Table of Contents | Message Board | Printable Version
Inez inquires about Garcin's wife. Garcin informs her that she died two months ago. When Garcin sobs over his wife and his cowardice, Estelle sympathizes with him. She then persuades him to touch her and forget about the people on earth, reminding him that eventually all of them will die. Garcin, however, laments that others will be born and continue to judge him as a coward. All he wants is for someone to believe he is not cowardly; Estelle tries to reassure him. Inez interrupts and mockingly says that Estelle would assure him of anything, for she desperately wants a man.
Garcin, feeling totally frustrated, goes to the door to leave. Amazingly, the door opens, but Garcin does not depart. When Estelle sees that he is going to stay, she decides to do the same; however, she tries to push Inez through the door so that she will have Garcin all to herself. Garcin demands that Estelle leave Inez alone, explaining that he has chosen to stay so that he can convince Inez he is really not a coward. He tells Inez, "If you'll have faith in me I'm saved." She, however, refuses to help Garcin and is unrelenting in her criticism of him; she points out that for thirty years, Garcin had deluded himself into thinking that he was a hero. Then at the critical moment, he had run away from the war. Since he acted like a coward he is a coward, for what one does reveals what one is. Garcin tries to defend himself by saying that if he had lived longer he could have amended his ways.
Estelle interrupts and tells Garcin to kiss her, an action that will torture Inez. When he bends over Estelle, Inez cries out and curses Garcin. Estelle asks Garcin to make love to her, but he pushes her away and expresses his inability to be intimate while Inez is watching. In the climatic moment of the play, Garcin screams that "Hell is - other people."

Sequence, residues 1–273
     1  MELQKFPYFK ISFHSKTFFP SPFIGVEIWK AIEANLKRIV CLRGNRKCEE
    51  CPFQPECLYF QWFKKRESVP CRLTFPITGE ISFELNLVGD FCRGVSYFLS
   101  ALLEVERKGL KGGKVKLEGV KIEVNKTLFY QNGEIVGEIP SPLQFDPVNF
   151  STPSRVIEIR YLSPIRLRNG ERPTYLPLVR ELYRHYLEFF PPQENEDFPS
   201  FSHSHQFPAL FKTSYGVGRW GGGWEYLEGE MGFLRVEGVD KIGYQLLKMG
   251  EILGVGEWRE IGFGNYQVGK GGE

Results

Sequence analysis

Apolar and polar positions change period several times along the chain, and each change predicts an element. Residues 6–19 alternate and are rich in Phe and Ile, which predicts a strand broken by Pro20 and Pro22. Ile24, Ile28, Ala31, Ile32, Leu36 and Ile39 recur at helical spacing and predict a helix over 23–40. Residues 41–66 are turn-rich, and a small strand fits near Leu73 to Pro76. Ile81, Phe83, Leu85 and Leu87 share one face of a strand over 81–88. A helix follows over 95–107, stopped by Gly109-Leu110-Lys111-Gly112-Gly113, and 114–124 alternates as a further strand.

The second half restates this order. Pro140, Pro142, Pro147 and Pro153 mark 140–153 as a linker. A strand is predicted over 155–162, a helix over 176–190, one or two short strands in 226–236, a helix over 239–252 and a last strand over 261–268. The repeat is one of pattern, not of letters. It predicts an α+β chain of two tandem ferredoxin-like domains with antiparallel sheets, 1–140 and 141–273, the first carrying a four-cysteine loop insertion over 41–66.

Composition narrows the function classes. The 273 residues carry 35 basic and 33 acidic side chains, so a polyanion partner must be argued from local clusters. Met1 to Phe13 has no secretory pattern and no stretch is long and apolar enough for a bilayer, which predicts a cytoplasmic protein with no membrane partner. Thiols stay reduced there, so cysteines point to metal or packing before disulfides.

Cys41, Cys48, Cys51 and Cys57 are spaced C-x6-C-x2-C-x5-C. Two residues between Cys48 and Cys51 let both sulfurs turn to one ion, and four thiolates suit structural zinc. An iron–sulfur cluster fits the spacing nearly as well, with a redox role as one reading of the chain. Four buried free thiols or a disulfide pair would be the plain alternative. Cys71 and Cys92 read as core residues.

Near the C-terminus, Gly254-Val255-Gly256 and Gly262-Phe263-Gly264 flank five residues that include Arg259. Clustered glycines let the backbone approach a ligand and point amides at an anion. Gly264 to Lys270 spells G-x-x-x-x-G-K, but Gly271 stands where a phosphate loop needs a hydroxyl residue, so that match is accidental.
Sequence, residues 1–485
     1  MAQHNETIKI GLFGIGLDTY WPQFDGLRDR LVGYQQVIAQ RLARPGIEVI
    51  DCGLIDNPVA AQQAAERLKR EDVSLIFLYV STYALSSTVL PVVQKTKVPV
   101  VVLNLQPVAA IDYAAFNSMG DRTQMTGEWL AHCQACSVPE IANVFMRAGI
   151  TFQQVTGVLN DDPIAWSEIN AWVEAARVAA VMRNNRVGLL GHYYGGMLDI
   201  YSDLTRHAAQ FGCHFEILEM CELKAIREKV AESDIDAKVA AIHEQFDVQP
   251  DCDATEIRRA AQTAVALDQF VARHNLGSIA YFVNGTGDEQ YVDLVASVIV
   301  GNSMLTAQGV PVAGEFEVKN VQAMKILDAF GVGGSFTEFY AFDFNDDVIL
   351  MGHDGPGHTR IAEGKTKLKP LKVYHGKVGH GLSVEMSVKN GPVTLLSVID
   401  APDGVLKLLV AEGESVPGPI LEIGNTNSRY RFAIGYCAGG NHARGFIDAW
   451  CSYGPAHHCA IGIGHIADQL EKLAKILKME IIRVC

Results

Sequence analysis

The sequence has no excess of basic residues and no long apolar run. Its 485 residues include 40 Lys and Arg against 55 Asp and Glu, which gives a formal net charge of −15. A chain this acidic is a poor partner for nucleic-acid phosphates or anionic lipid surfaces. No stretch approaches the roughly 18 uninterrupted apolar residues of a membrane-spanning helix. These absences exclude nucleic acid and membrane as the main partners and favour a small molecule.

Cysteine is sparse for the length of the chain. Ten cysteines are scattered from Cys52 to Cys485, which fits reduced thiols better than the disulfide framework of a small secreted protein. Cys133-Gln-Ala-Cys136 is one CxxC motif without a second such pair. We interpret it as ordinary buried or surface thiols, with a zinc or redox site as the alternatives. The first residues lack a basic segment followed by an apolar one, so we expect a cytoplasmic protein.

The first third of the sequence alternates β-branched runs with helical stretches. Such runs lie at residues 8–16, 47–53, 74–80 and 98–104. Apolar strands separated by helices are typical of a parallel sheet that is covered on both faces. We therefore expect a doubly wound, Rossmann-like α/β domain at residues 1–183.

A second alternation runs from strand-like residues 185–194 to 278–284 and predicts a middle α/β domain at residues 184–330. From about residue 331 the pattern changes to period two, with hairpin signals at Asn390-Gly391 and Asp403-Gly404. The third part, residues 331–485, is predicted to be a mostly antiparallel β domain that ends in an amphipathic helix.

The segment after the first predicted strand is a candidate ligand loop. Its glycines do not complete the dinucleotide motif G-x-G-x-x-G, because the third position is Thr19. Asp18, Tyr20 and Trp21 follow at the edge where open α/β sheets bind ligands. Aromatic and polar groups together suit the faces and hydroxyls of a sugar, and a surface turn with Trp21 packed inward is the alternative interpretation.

The entire play has led up to Garcin's climatic revelation. Throughout the earlier scenes, Inez, Estelle, and Garcin have been pictured torturing one another, both unintentionally and intentionally. Now Garcin realizes that Hell is other people - whether on earth or in the underworld. It is a very negative view of life.
This key scene in the play is filled with ironies. Estelle, who has longed for Garcin throughout the play, finally persuades him to touch her and make love; he, however, is unable to satisfy her, for he can do nothing intimate with Inez watching, and she has promised to watch forever. As a result, Estelle and Garcin are doomed to eternal frustration; at the same time, Inez is frustrated that she cannot have Estelle.
It is also ironic that when Garcin has the chance to walk out the door and leave Hell, he does not depart. He stays in order to gain Inez's approval; he cannot leave her behind believing he is a coward. Of course, Inez is not about to lie to him; she tells him in no uncertain words that he is a coward, which is what he does not want to hear. Ironically, throughout the play, he has sought Estelle's approval, but it is really the approval of Inez that he desires. When Estelle tries to push Inez out the door, Garcin demands that she be left alone, saving his own torturer.
In this climatic scene, Sartre's existentialism becomes clear. He believes that man has the freedom to choose who or what he is, but that he chooses his own destruction. Garcin could have walked through the door, but he chose to remain; he also saved Inez, who will continue to torture him. Without her approval, Garcin's existence will have no meaning. As he says it, he cannot be "saved" without her acceptance.